Wagner: Preludes and Overtures Yakov Kreizberg & Netherlands Philharmonic Orchestra
- 1Der fliegende Hollander: Overture11:47
- 2Rienzi: Overture13:02
- 3Die Meistersinger von Nürnberg: Prelude (Vorspiel)11:20
- 4Tannhäuser: Overture15:20
- 5Lohengrin: Prelude 3rd Act (Vorspiel 3. Akt)03:18
- Tristan und Isolde
- 6Prelude (Vorspiel)13:07
- 7Isoldens Liebestod07:07
Info zu Wagner: Preludes and Overtures
Richard Wagner, a symphonic composer in disguise - The overtures and preludes to his operas and music dramas
'I do not know precisely what is my destination: however, I do know that one evening, after for the first time hearing a symphony by Beethoven, I became feverish and ill. As soon as I recovered, I became a musician.' Thus Richard Wagner described the enormous impression that Beethoven's music had made on him in his novelette Eine Pilgerfahrt zu Beethoven (= a pilgrimage to Beethoven). Although it is difficult to separate fact and fiction in this novelette, Beethoven's music did indeed exert a major influence on the life of the young composer. Wagner was 17 years old when he first heard Beethoven's Symphony No. 9, a work which was to play a central role during his entire life, and which he was, for instance, to conduct in 1846 at the opening of the Festival Theatre in Bayreuth.
At this time, Wagner also began to compose music. The first works he penned included a string quartet, piano music and a number of overtures (including one for Schiller's play Die Braut von Messina (= the bride of Messina). In 1832, he completed his Symphony in C within six weeks (as he himself recorded), which was performed in Prague that same year. A year later, Mendelssohn programmed this symphony for a concert at the Leipzig Gewandhaus. Although Wagner never actually quoted his great example Beethoven in this work, he did admit that he could never have written the slow movement of the symphony had he not first heard the Andante from Beethoven's Symphony No. 5 and the Allegretto from his Symphony No. 7.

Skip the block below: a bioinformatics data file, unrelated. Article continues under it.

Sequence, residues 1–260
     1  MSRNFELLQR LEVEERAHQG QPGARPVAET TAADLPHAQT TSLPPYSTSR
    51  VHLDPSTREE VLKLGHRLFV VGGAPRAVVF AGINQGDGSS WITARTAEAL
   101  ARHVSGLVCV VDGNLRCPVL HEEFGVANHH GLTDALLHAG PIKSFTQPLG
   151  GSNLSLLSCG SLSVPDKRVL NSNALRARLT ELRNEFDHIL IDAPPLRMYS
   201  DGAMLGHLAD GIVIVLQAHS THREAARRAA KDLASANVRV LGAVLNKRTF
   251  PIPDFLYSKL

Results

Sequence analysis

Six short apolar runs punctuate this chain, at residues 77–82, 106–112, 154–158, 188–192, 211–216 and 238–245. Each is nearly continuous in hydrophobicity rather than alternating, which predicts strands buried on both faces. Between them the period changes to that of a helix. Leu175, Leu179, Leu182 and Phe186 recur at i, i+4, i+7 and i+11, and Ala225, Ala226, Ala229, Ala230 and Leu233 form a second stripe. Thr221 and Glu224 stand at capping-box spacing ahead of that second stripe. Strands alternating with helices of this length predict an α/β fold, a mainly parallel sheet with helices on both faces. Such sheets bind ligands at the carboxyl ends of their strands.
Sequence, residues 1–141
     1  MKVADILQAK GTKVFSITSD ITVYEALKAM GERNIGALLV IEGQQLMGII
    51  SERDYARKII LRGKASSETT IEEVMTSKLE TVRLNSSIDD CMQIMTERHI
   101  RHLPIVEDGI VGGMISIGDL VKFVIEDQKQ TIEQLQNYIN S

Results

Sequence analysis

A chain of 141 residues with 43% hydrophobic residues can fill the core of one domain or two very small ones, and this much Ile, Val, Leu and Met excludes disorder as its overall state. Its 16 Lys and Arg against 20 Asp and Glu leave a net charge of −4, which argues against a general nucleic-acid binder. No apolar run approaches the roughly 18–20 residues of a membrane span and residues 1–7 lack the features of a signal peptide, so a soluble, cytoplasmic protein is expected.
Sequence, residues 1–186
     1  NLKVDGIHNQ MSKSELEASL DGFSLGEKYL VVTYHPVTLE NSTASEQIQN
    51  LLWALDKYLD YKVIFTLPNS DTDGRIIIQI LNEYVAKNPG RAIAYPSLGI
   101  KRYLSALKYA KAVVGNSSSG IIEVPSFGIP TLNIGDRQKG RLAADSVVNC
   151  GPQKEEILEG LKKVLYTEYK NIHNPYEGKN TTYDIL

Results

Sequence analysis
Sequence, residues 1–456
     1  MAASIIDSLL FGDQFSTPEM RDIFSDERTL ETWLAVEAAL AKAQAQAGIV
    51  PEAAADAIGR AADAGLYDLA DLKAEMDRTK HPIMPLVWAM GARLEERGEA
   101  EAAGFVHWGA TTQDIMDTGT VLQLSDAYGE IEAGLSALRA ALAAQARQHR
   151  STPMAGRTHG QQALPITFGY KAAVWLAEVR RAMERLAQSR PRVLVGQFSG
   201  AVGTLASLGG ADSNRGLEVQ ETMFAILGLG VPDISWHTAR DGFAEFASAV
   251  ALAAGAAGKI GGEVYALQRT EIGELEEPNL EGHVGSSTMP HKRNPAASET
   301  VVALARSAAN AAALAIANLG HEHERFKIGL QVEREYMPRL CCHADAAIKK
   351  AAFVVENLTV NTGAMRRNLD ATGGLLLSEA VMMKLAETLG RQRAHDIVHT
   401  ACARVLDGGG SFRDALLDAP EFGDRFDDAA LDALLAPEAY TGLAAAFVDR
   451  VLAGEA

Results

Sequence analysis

Remarkably, Wagner hung on to this early work, as opposed to many other scores, which he destroyed. He conducted it himself only once: in 1882, one year before his death, for the birthday of his wife, Cosima. That performance marked a turning point in the way Wagner thought as a composer. Until that moment, he had believed that there was no real sense in instrumental music by itself, and that it could develop into something meaningful only within the context of a music drama. He then wrote that he planned to turn his back on the music theatre and to dedicate himself entirely to the development of a new symphonic form. Beethoven had taken the sonata form - in which contrasting themes are responsible for the development - to its limits. Wagner planned to write one-movement symphonies, in which one single melody would be developed ceaselessly, in similar fashion to the so-called 'Orchestermelodie' (= orchestral melody): the continuously developing network of 'leitmotivs' in his music dramas.
Unfortunately, these orchestral works never came about, as Wagner died at his desk on February 13, 1883. Therefore, his symphonic oeuvre remains limited to the above-mentioned symphony; the Faust Overture from 1840/1844; the Siegfried Idyll, which he wrote for Cosima's birthday in 1870; and a number of less important short pieces.